Journal of the House of Lords: Volume 9, 1646. Originally published by His Majesty's Stationery Office, London, 1767-1830.
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DIE Jovis, 22 die Aprilis.
Domini præsentes fuerunt:
Comes Manchester, Speaker.
L. Viscount Hereford.
L. Viscount Say & Seale.
Sir J. Wood, a Pass to come Home.
Ordered, That Sir John Wood shall have a Pass, to come into England, out of France.
Remedies for removing Obstructions in Church Government.
The Remedies for removing some Obstructions in Church Government, brought Yesterday from the House of Commons, were read the First Time; and the House was adjourned into a Committee during Pleasure, to take them into Consideration.
The House was resumed.
And the House thought fit to make some Alterations therein, which were read: And then the several Remedies were read, with the Amendments particularly; and Agreed to upon the Question, and Ordered to be sent to the House of Commons for their Concurrence therein.
Tryers of the Classis in London.
The Names of some Ministers to be added, as Tryers in some Classis in London, were read, and Agreed to. (Here enter them.)
Propositions from the City, for lending 200,000l. for Ireland.
Next, the House was adjourned into a Committee during Pleasure, to take into Consideration the Demands of the City of London, for the Security of the Two Hundred Thousand Pounds, and the Votes of the House of Commons thereupon.
(Here enter the Demands.)
The House being resumed;
The First Vote was read, with an Alteration, and Agreed to with the said Alteration.
The Second Vote was read; and, after Debate, Two Questions were propounded:
"1. Whether this Vote shall be put as it came from the House of Commons?
2. Whether this Amendment shall be made in this Vote, ["relating only to the Monies; Horse, and Plate, lent upon the Propositions on the Public Faith"]?"
Then this Question was put, "Whether the First Question shall be first put?"
It (fn. 1) was Resolved in the Negative.
Then the Second Question was put.
And it was Resolved in the Affirmative.
The Third Vote, which came from the House of Commons, was read, and Agreed to.
The Fourth Vote, which came from the House of Commons, was read, and Agreed to.
The Fifth Vote, which came from the House of Commons, was read, and debated.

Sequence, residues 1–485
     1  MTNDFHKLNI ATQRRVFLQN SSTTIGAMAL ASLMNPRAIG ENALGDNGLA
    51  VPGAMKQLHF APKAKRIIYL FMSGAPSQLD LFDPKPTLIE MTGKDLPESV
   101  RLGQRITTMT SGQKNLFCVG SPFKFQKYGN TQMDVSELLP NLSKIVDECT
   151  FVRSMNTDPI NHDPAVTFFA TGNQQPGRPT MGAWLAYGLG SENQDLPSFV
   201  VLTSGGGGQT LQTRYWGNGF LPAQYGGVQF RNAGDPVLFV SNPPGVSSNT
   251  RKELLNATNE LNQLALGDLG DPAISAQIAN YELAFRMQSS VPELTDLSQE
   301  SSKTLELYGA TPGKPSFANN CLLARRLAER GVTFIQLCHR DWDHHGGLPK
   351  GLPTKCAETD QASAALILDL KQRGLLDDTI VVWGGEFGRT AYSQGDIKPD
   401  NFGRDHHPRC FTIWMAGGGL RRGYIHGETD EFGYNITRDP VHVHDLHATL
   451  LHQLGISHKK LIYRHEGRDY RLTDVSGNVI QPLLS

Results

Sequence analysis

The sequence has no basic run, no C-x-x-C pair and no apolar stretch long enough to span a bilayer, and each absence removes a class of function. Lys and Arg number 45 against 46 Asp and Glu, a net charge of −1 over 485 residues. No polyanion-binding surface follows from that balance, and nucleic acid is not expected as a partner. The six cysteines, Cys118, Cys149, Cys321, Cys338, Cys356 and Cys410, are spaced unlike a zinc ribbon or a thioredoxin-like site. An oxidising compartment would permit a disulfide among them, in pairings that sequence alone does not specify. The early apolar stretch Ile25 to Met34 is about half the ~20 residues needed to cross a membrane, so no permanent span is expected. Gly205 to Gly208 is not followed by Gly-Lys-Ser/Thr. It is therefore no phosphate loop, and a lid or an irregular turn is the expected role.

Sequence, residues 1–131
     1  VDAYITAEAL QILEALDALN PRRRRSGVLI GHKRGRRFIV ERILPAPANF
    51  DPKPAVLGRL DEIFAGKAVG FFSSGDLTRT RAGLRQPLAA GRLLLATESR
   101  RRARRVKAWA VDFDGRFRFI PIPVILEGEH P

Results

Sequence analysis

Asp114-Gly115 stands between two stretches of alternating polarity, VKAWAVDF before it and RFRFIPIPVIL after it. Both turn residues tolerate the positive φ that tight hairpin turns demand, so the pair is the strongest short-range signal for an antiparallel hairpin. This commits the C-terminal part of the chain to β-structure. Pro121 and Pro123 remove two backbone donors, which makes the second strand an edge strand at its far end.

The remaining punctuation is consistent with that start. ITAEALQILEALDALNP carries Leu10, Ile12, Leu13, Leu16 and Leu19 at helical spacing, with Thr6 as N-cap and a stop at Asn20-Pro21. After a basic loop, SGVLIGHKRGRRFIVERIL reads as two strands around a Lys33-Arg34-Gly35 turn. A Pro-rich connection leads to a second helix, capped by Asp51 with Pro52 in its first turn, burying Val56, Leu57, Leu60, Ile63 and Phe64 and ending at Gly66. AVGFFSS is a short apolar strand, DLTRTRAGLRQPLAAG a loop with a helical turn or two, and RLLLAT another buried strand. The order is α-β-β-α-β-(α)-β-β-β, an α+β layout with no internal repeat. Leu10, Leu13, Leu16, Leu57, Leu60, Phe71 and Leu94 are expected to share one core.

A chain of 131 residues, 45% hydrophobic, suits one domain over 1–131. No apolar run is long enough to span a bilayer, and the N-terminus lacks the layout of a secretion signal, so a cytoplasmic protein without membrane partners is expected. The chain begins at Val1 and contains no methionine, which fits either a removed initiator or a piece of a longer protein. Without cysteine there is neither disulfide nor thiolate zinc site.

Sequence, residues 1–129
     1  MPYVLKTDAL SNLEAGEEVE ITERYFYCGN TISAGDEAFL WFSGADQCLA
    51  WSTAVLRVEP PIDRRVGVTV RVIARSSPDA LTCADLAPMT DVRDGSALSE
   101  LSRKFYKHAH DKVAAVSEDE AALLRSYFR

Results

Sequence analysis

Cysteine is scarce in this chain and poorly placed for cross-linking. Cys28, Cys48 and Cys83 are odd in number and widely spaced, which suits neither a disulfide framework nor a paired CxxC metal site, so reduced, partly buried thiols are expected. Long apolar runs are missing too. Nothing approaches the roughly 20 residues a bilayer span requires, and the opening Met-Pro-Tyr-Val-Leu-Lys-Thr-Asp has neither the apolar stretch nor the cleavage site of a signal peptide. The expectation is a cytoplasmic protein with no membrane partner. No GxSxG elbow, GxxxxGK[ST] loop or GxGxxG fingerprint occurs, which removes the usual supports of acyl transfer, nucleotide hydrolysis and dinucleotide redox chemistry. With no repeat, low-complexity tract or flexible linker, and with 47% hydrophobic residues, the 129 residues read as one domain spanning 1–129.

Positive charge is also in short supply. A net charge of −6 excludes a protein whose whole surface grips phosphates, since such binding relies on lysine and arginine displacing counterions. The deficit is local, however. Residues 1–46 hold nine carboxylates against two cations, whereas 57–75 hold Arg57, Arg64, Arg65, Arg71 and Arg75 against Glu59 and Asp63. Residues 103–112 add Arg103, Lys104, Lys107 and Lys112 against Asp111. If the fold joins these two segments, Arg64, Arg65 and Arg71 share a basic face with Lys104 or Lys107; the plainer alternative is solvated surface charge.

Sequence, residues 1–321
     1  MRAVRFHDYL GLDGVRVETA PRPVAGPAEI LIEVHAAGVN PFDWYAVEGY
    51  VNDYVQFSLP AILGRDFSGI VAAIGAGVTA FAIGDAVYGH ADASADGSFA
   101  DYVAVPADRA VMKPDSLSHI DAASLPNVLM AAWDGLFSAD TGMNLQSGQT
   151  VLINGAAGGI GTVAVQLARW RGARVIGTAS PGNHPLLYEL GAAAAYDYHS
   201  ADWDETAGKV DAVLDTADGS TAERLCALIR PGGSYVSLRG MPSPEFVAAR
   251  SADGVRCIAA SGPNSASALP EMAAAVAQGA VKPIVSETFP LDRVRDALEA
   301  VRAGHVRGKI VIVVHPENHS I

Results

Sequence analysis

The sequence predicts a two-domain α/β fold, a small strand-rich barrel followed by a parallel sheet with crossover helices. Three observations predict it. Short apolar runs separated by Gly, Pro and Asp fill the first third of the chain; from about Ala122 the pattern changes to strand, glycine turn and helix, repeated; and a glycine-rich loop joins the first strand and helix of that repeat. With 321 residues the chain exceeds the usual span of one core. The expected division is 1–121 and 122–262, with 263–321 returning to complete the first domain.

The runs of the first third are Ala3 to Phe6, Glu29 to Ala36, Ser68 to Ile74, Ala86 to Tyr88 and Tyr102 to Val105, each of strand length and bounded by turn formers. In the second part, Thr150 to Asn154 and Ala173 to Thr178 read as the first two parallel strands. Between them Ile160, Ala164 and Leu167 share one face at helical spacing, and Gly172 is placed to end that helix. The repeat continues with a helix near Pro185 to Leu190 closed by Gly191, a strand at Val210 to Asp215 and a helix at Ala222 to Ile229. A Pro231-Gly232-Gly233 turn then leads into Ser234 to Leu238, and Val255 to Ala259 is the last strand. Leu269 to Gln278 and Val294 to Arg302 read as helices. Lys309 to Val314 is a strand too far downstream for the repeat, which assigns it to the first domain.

The Question being put, "Whether to agree to this Vote as it is now brought up from the House of Commons?"
It was Resolved in the Negative.
Ordered, To take into Debate To-morrow Morning the further Consideration of this Business.
Votes for flighting Garrisons, &c.
Ordered, That the Business concerning the Garrisons shall be taken into Consideration To-morrow Morning.
Tryers of the Classis in London.
"The Names of some Ministers to be added as Tryers, in some of the Classes in the Province of London, to supply the Defect of those that were appointed by Ordinance, and are since gone into the Country, or removed to some other Classis:
Propositions from the City, for lending 200,000l. for the Service of Ireland.
"Commune Consilium tent. in Camera Guild. Civitatis London, 17 Die April. 1647.
"This Court having received a Proposition from both Houses of Parliament, by several Members thereof, for the borrowing of Two Hundred Thousand Pounds, for the Service of England and Ireland, upon the Security of the Remainder of the Bishops Lands, as it was formerly given, with the collateral Security of the Excise in Course, Papists and Delinquents Estates in Arms excepted from Pardon, and any other Security as is in the Power of the Parliament, and not already engaged, except the Ordinance now in passing for the raising of the Monthly Sum of Sixty Thousand Pounds for the Service of the Forces of England and Ireland, do humbly return this Answer:
"1. That, in their Opinion, the best Way and readiest Means for the speedy advancing of this Two Hundred Thousand Pounds, propounded to be borrowed by the Parliament, is, to secure to the Lenders a like Sum more, as was lately done unto those who advanced the Two Hundred Thousand Pounds for our Brethren of Scotland.
"2. More particularly, that they conceive it would be an Encouragement to the Lenders, and a Furtherance to the Service, to secure unto those who shall now lend any Monies upon this Proposition, the Loans and Disbursements following:
"1. The Monies paid upon the Ordinance for raising Fifty Subsidies, which Monies were employed for the Public Service, and all other Sums lent upon the latter Expedition into Kent, upon the Second Commotion there, for which the City Seal stands yet engaged, together with the Interest arising upon both Loans since the advancing thereof.